The Anthropocene defaunation process.

 

Richard Owen stands next to the largest of all moa, Dinornis maximus (now D. novaezealandiae). From Wikimedia Commons.

Richard Owen stands next to the largest of all moa, Dinornis maximus (now D. novaezealandiae). From Wikimedia Commons.

In 2000,  Paul Crutzen proposed use the term Anthropocene to designate the last two hundred years of human history and to mark the end of the current Holocene geological epoch. Although there is no agreement on when the Anthropocene started, it has been defined, primarily, by significant and measurable increases in anthropogenic greenhouse gas emissions from ice cores and other geologic features including synthetic organic compounds, radionuclides and ocean acidification.

Another marker for the Anthropocene is the current biodiversity crisis. The term defaunation was created to designate the declining of top predators and herbivores triggered by human activity, that results in a lack of agents that control the components of the ecosystems vegetation.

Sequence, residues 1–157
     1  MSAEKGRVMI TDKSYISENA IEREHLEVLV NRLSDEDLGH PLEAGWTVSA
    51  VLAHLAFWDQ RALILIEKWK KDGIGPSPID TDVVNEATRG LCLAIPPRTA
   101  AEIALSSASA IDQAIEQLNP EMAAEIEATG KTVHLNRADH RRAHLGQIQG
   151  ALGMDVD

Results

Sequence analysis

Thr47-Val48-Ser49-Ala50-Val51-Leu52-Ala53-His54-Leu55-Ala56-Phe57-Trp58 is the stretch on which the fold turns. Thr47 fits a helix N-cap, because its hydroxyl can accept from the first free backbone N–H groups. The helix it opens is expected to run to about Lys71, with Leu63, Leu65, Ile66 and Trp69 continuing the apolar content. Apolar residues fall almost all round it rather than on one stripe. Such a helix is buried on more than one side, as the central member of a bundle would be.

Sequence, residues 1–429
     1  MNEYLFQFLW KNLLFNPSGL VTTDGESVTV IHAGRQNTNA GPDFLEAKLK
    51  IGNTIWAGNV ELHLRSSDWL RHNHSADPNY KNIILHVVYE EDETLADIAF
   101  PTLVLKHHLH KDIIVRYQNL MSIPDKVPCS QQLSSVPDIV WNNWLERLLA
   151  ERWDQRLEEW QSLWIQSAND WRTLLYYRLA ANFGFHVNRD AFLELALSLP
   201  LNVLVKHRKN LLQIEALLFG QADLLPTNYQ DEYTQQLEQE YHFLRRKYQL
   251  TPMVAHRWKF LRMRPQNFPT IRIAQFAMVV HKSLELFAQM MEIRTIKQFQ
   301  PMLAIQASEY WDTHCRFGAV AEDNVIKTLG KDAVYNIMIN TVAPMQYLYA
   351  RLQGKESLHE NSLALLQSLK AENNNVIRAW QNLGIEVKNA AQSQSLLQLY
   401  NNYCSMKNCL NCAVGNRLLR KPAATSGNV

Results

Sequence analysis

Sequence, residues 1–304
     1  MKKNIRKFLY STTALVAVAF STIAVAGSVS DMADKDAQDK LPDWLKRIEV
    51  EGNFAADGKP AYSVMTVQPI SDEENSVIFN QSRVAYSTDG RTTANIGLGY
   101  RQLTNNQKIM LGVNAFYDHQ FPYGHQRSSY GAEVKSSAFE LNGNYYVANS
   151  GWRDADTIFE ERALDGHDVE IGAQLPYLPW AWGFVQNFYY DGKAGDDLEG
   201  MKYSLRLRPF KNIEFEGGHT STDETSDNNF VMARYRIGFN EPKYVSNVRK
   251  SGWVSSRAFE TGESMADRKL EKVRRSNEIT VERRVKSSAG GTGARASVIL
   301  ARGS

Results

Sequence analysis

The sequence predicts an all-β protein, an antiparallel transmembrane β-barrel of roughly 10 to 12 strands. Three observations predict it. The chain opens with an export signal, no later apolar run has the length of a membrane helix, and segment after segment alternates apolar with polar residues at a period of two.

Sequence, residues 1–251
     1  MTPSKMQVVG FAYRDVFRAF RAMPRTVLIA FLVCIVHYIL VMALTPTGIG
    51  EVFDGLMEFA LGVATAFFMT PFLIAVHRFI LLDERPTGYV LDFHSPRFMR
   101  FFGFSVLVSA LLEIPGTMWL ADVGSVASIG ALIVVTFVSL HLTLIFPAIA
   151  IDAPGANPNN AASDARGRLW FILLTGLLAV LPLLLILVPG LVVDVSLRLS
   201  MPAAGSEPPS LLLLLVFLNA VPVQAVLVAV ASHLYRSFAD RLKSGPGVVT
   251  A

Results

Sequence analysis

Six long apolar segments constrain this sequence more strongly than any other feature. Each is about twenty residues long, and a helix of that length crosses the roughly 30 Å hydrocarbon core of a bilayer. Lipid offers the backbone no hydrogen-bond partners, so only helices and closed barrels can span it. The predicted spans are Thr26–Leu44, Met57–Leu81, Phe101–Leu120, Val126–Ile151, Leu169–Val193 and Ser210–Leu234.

Global population declines in mammals and birds represented in numbers of individuals per 10,000 km2 for mammals and birds (From Dirzo et al., 2014)

Global population declines in mammals and birds (From Dirzo et al., 2014).

Since the industrial revolution, the wave of animal and plant extinctions that began with the late Quaternary has accelerated. Calculations suggest that the current rates of extinction are 100–1000 times above normal, or background levels. We are in the midst of  the so called “Sixth Mass Extinction”.

Although anthropogenic climate change is playing a growing role, the primary drivers of modern extinctions seem to be habitat loss, human predation, and introduced species (Briggs, 2011). The same drivers that contributed to ancient megafaunal and island extinctions.

SConsequences of defaunation (From Dirzo et al., 2014)

The consequences of defaunation (From Dirzo et al., 2014)

 

One of the most famous and well-documented extinctions come from Madagascar. Pygmy hippos, giant tortoises, and large lemurs went extinct due to human hunting or habitat disturbance.  A very interesting study by Burney et al. (2003) tracked the decline of coprophilous Sporormiella fungus spores in sediments due to reduced megafaunal densities after the human arrival on the island. Another well documented case is the Moa extinction in New Zealand. Recent radiocarbon dating and population modeling suggests that their disappearance occurred within 100 years of first human arrival. A large number of  land birds across Oceania suffered a similar fate beginning about 3500 years ago.